Usher Syndrome is a genetic disease that is the leading cause of deaf-blindness in the world, particularly affecting Ashkenazi Jews, 2% of whom carry the recessive gene for type 1f. Type 1 is the most severe. Those affected are born profoundly deaf with impaired balance; then, retinitis pigmentosa causes them to gradually lose their vision, first with night blindness in early childhood, followed by increasingly narrowing tunnel vision, progressing eventually to total blindness.

Much of the research into a cure for retinitis pigmentosa is specific to a particular mutation. The Chaikof family of Newton, Massachusetts, learned that while there is research funding for many of the other subtypes and even a clinical trial for one type, currently no research or funding for type 1f exists. One of the major reasons is the lack of an animal model, which is necessary for implementing clinical trials for those with type 1f.

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Elliot Chaikof, Surgeon-in-Chief at Boston’s Beth Israel Deaconess Medical Center, and his wife Melissa founded Vision for a Cure because two of their three children, Rachel and Jessica, are affected by the disease. While the girls hear and speak well thanks to cochlear implants, saving their daughters’ vision is a race against time, with the window narrowing as more time passes without an effective treatment.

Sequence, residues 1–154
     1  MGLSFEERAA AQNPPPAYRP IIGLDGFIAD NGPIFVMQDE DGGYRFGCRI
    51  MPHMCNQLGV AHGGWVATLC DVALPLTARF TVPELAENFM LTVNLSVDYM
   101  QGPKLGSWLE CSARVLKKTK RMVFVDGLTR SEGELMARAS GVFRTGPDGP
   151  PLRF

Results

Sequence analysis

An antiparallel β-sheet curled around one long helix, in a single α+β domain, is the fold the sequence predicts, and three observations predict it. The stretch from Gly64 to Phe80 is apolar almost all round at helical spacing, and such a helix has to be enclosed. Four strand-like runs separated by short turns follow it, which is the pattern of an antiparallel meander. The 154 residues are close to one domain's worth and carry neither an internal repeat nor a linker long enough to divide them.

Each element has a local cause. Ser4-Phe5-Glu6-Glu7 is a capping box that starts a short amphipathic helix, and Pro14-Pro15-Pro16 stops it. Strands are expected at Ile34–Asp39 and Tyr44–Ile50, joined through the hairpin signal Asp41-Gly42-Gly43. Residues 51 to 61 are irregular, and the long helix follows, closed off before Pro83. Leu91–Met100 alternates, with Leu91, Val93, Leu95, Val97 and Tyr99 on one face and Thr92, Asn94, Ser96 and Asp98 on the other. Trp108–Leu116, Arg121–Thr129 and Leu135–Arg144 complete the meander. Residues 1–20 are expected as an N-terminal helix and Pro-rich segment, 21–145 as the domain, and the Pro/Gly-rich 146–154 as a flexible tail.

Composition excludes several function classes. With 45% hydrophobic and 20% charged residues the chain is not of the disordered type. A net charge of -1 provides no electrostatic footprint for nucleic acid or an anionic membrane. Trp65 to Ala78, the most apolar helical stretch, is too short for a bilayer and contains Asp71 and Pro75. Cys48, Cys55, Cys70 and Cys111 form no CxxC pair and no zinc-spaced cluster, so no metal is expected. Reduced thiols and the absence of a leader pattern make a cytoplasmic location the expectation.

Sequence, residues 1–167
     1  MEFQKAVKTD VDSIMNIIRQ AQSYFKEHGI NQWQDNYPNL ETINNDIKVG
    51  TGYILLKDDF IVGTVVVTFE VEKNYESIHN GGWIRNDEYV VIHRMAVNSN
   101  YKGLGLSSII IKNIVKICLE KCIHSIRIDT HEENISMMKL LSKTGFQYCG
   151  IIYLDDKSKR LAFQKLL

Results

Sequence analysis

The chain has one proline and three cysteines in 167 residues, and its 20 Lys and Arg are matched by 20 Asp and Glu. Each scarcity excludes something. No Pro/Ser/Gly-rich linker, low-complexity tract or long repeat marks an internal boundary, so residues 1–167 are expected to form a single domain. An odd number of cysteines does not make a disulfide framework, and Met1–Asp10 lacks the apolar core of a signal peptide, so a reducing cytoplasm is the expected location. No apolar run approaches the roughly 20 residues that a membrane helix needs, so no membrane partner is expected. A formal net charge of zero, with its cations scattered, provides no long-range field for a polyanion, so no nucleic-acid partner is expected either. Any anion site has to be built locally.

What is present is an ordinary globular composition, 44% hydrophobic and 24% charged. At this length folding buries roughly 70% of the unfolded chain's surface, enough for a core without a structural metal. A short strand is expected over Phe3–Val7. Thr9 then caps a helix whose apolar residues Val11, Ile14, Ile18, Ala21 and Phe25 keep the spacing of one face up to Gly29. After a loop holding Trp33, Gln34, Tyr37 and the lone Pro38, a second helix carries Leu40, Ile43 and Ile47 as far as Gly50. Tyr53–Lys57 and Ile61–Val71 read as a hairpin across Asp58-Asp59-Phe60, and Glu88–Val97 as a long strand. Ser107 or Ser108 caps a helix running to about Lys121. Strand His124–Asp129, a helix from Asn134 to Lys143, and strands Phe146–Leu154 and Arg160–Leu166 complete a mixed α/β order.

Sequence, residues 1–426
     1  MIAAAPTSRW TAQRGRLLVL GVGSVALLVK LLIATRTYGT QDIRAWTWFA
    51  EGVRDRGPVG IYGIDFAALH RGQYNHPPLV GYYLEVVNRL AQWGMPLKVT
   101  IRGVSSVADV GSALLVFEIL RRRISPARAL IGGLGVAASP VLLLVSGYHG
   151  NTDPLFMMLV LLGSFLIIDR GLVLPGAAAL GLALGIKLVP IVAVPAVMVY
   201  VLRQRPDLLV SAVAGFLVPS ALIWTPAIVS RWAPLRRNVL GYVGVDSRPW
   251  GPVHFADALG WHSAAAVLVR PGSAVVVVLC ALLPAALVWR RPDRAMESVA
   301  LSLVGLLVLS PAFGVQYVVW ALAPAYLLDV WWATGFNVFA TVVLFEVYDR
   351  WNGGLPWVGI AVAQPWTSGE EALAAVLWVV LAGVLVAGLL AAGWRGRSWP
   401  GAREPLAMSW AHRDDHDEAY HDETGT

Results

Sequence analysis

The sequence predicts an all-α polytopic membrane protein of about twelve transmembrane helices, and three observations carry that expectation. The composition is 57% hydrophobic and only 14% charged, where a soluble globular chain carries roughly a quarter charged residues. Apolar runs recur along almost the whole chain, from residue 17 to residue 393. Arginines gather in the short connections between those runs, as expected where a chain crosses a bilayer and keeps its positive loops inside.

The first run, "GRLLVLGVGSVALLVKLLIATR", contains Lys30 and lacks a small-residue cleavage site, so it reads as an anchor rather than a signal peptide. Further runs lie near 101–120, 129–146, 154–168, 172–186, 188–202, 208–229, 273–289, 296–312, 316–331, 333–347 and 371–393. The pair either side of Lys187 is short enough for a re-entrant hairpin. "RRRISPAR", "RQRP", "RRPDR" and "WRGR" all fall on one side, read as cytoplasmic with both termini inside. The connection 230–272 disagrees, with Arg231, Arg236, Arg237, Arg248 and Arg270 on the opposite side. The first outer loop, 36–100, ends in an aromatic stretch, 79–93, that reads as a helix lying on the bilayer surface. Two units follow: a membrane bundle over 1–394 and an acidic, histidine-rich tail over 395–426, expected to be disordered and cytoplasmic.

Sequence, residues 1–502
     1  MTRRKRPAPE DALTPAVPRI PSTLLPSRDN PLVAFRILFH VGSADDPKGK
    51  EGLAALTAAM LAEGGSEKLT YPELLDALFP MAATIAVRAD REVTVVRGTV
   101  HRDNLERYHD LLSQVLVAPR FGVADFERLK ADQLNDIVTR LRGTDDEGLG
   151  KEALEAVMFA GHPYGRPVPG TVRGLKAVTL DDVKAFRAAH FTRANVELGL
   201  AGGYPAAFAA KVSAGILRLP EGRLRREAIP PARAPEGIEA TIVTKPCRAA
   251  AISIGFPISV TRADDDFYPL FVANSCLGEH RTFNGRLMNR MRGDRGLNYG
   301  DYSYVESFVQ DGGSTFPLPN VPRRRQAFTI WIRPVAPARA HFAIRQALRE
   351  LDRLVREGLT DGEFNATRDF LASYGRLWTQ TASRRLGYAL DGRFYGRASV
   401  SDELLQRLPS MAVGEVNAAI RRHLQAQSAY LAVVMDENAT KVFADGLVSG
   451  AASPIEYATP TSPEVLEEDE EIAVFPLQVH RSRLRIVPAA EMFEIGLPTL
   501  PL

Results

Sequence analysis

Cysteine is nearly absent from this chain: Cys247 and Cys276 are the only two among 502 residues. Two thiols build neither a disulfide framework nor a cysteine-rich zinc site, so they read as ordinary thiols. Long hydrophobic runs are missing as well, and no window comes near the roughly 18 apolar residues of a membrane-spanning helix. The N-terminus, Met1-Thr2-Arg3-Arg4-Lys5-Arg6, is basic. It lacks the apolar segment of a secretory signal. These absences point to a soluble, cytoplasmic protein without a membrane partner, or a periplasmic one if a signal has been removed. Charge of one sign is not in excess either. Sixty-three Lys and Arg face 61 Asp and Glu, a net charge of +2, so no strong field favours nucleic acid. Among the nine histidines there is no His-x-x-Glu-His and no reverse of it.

The initial goal of the foundation is to fund the creation of an effective mouse model for Usher Syndrome type 1f. Subsequently, funding research for a cure using this mouse model will follow. It is imperative that we fund research to cure Usher Syndrome type 1f so that all Jewish children will have the opportunity to see the future.

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